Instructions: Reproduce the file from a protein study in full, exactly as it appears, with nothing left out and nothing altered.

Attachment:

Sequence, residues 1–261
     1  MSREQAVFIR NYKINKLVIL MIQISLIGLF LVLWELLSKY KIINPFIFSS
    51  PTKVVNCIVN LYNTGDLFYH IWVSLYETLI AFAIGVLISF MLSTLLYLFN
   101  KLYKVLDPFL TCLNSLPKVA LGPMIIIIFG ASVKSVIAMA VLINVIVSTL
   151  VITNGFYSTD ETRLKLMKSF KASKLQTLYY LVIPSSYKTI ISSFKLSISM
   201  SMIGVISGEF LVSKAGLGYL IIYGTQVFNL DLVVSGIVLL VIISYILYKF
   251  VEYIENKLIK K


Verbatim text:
Sequence, residues 1–261
     1  MSREQAVFIR NYKINKLVIL MIQISLIGLF LVLWELLSKY KIINPFIFSS
    51  PTKVVNCIVN LYNTGDLFYH IWVSLYETLI AFAIGVLISF MLSTLLYLFN
   101  KLYKVLDPFL TCLNSLPKVA LGPMIIIIFG ASVKSVIAMA VLINVIVSTL
   151  VITNGFYSTD ETRLKLMKSF KASKLQTLYY LVIPSSYKTI ISSFKLSISM
   201  SMIGVISGEF LVSKAGLGYL IIYGTQVFNL DLVVSGIVLL VIISYILYKF
   251  VEYIENKLIK K